Most of the colors we see around us are produced by the reflection of light from pigments. Yet there is another type of color called "structural color," produced when light is reflected off the special microstructure of a surface. Structural color is what makes the surface of soap bubbles iridescent and the body of a jewel beetle appear to glitter. While pigmented colors have the disadvantage of fading due to ultraviolet rays, structural colors retain their appearance as long as the microstructure remains intact. Associate Professor Michinari Kohri of Chiba University is working to artificially reproduce these structural colors. Taking a hint from the structural colors of peacock and turkey feathers, he has succeeded in reproducing the microstructure that gives rise to the colors and is now working on the development of special ink that will not fade. Practical applications of this groundbreaking technology could not only include posters and paintings but also cultural assets as well. In this program, we'll take a closer look at Associate Professor Kohri's research, which aims to commercialize next-generation ink that produces structural color.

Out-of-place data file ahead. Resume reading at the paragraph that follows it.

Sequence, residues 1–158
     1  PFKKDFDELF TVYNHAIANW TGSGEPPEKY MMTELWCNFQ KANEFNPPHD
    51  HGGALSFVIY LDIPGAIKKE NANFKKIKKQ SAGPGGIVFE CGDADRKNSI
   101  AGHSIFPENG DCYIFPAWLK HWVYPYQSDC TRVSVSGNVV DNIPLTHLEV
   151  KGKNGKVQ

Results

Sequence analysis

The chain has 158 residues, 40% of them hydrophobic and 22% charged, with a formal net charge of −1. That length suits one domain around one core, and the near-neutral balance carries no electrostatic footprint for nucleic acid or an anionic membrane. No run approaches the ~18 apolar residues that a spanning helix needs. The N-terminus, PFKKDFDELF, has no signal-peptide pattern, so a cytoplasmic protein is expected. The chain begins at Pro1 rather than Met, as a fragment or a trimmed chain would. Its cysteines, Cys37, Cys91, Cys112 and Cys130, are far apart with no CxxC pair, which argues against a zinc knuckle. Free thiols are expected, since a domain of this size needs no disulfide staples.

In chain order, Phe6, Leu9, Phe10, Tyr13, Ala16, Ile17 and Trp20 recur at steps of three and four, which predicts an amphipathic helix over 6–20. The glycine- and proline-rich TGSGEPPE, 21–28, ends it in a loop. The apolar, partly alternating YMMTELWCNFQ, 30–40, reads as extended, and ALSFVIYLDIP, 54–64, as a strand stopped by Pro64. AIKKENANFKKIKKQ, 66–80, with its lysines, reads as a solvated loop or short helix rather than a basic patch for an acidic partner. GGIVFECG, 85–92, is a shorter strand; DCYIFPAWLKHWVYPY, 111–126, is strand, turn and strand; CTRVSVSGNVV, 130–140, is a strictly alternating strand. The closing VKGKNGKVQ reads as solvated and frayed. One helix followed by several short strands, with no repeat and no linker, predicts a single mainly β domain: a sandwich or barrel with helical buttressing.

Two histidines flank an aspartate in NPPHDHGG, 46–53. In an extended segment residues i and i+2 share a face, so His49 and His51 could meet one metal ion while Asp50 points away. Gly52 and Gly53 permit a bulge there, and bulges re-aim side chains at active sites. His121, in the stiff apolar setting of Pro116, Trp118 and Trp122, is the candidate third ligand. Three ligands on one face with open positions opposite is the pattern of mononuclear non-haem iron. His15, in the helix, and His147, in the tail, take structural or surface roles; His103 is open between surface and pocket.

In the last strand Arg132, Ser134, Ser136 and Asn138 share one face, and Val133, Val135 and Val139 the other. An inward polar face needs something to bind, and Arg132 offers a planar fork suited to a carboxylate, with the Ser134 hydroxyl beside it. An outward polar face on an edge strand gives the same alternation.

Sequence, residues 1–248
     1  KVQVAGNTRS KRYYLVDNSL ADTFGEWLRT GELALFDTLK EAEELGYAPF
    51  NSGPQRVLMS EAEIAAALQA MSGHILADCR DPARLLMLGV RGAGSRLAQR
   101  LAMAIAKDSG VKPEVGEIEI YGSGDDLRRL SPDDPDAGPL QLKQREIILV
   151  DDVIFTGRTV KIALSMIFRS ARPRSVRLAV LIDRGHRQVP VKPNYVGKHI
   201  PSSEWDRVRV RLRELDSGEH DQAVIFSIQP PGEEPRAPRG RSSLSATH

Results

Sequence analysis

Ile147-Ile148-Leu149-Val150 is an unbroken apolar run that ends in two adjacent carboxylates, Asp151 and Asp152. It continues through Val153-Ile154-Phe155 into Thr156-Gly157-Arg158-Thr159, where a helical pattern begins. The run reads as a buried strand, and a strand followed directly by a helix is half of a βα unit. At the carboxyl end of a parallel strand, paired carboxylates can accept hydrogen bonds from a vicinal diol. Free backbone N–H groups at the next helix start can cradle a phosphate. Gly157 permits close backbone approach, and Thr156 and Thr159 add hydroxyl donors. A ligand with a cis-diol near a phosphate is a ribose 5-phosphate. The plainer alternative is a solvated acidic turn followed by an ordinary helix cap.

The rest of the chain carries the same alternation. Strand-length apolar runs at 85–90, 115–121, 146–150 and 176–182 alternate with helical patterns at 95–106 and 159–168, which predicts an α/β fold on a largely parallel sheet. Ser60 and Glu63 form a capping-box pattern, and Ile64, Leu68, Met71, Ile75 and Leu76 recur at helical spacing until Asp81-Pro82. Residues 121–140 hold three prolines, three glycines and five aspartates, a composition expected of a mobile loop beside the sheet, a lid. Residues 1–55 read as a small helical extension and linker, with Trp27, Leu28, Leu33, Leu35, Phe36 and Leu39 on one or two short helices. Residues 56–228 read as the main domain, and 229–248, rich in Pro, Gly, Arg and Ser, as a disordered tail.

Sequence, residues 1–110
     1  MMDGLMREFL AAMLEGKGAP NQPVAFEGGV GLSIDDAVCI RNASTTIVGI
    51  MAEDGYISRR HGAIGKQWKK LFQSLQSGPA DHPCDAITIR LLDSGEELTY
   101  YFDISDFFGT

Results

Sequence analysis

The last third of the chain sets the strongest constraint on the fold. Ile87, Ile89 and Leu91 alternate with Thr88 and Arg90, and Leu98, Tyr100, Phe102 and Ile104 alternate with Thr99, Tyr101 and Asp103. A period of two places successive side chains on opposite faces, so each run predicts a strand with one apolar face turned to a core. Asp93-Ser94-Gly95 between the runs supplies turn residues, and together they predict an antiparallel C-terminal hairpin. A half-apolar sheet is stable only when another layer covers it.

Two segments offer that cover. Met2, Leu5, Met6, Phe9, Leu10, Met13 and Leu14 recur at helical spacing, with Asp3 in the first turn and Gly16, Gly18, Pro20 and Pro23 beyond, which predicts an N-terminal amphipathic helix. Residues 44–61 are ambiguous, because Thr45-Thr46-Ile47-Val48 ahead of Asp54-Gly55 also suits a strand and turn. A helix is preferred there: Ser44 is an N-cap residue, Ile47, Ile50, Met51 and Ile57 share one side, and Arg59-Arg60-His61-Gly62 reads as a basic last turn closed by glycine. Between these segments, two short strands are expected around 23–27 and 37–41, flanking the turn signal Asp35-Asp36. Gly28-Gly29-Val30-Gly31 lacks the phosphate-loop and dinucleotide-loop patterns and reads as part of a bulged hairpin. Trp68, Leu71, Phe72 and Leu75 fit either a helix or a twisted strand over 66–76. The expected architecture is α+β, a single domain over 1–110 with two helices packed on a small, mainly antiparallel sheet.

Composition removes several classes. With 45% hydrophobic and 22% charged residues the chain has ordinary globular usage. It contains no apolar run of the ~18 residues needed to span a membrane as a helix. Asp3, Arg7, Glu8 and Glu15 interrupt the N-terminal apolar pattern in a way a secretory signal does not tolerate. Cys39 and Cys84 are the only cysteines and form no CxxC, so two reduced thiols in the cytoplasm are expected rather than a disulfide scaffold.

The jewel beetle's iridescent body is an example of structural color
Inks under development that show a variety of structural colors as particles begin to arrange themselves
Associate Professor Kohri during an experiment
Pellets of various colors made with structural color ink under development